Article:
How to detect, enable and disable SMBv1, SMBv2, and SMBv3 in Windows

Applies to: Windows Server 2022, Windows 10, Windows 8.1, Windows 8, Windows Server 2019, Windows Server 2016, Windows Server 2012 R2, Windows Server 2012

This article describes how to enable and disable Server Message Block (SMB) version 1 (SMBv1), SMB version 2 (SMBv2), and SMB version 3 (SMBv3) on the SMB client and server components.

While disabling or removing SMBv1 might cause some compatibility issues with old computers or software, SMBv1 has significant security vulnerabilities and we strongly encourage you not to use it.

Disabling SMBv2 or SMBv3 for troubleshooting

We recommend keeping SMBv2 and SMBv3 enabled, but you might find it useful to disable one temporarily for troubleshooting. For more information, see How to detect status, enable, and disable SMB protocols on the SMB Server.

In Windows 10, Windows 8.1, Windows Server 2019, Windows Server 2016, Windows Server 2012 R2, and Windows Server 2012, disabling SMBv3 deactivates the following functionality:

  • Transparent Failover - clients reconnect without interruption to cluster nodes during maintenance or failover
  • Scale Out - concurrent access to shared data on all file cluster nodes 
  • Multichannel - aggregation of network bandwidth and fault tolerance if multiple paths are available between client and server
  • SMB Direct - adds RDMA networking support for high performance, with low latency and low CPU use
  • Encryption - Provides end-to-end encryption and protects from eavesdropping on untrustworthy networks
  • Directory Leasing - Improves application response times in branch offices through caching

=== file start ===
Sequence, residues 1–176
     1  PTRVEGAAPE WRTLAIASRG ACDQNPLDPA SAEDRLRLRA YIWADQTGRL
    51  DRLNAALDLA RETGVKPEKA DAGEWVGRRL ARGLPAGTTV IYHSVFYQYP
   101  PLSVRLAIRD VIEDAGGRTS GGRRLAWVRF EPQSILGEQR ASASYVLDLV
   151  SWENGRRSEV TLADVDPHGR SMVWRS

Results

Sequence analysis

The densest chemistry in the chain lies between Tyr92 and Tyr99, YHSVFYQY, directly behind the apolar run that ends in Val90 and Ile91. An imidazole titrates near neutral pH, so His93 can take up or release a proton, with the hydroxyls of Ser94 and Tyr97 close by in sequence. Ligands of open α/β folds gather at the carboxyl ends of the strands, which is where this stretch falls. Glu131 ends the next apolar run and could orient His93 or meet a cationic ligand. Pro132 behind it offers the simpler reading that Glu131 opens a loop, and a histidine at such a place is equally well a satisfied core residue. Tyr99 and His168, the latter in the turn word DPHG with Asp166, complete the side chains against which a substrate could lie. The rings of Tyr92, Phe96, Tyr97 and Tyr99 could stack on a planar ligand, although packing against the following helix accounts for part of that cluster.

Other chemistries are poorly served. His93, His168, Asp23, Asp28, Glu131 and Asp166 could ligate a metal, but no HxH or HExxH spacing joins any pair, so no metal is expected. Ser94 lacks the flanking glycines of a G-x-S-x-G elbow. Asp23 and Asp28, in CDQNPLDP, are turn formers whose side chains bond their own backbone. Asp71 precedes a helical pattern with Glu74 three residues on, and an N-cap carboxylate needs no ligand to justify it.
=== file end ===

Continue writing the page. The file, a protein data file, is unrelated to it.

• Performance Optimizations - optimizations for small random read/write I/O

In Windows 7 and Windows Server 2008 R2, disabling SMBv2 deactivates the following functionality:

  • Request compounding - allows for sending multiple SMBv2 requests as a single network request
  • Larger reads and writes - better use of faster networks
  • Caching of folder and file properties - clients keep local copies of folders and files
  • Durable handles - allow for connection to transparently reconnect to the server if there's a temporary disconnection
  • Improved message signing - HMAC SHA-256 replaces MD5 as hashing algorithm
  • Improved scalability for file sharing - number of users, shares, and open files per server greatly increased
  • Support for symbolic links
  • Client oplock leasing model - limits the data transferred between the client and server, improving performance on high-latency networks and increasing SMB server scalability
  • Large MTU support - for full use of 10 Gigabit Ethernet (GbE)
  • Improved energy efficiency - clients that have open files to a server can sleep

The SMBv2 protocol was introduced in Windows Vista and Windows Server 2008, while the SMBv3 protocol was introduced in Windows 8 and Windows Server 2012. For more information about SMBv2 and SMBv3 capabilities, see the following articles:

How to remove SMBv1